A committee of MPs has warned that the UK could fail to meet the EU target of recycling 50% of household waste by 2020, unless the government takes action and shows leadership on the issue.
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A report from the environment, food and rural affairs committee states that since April this year the Department for Environment, Food and Rural Affairs (Defra) has “stepped back” from waste management despite being charged with developing a zero waste economy.
Chair of the committee Anne McIntosh commented, “Defra ‘stepped back’ from waste management at a time when we need both a more ambitious approach to waste management and stronger government leadership to drive up static recycling rates in England and make better use of energy recovery options such as local heating for homes.”
In 2012-2013 around 43% of household waste was recycled in England but the annual rate of increase has started to slow. MPs state this is of particular concern when the EU target for recycling at least 50% of household waste by 2020 is considered. The European Commission has also proposed a 70% target for 2030.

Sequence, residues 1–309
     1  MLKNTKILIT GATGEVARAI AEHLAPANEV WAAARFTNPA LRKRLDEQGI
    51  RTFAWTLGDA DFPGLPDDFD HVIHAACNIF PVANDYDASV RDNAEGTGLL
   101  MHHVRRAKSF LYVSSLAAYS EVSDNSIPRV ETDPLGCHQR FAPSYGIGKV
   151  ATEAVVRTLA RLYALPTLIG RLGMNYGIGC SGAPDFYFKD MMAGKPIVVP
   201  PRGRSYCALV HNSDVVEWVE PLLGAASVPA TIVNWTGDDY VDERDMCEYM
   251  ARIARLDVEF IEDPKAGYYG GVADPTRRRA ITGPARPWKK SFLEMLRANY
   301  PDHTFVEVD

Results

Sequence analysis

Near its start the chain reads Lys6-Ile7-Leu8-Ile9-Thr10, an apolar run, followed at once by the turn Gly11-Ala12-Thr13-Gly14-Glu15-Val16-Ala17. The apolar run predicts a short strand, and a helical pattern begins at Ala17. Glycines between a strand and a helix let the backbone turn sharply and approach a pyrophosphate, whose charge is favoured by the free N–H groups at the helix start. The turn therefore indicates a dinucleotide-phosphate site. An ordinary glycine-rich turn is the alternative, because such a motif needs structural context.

The report estimates that a more circular economy could help generate 50,000 new jobs with £10 billion investment, boosting the UK’s GDP by £3 billion. MPs therefore call on Defra to take a leading role and responsibility for waste management policy to ensure full potential is realised.
The committee has also called for clear guidance from Defra on how much waste treatment is needed in England to gain an optimal balance between the export of refuse-derived fuel and local treatment.
McIntosh commented, “MPs support the use of anaerobic digestion for processing waste, but not for use with purpose-grown crops. The committee also warns that more work is needed to address the issue surrounding separate waste collections.”
The Renewable Energy Association (REA) welcomed the report, noting that energy generated from waste also offers significant opportunities for the UK.
REA technical director Jeremy Jacobs said, “Defra should be doing more, not less, to realise the potential of waste-based renewables. For instance, the UK still exports vast quantities of refuse-derived fuel.
“We could be using this valuable resource here to generate very cheap low carbon hear and power in conventional combustion plants, or to boost development of cutting edge UK technology like gasification and pyrolysis, instead of shipping it off to the continent.”
Photo: Bill McChesney via Flickr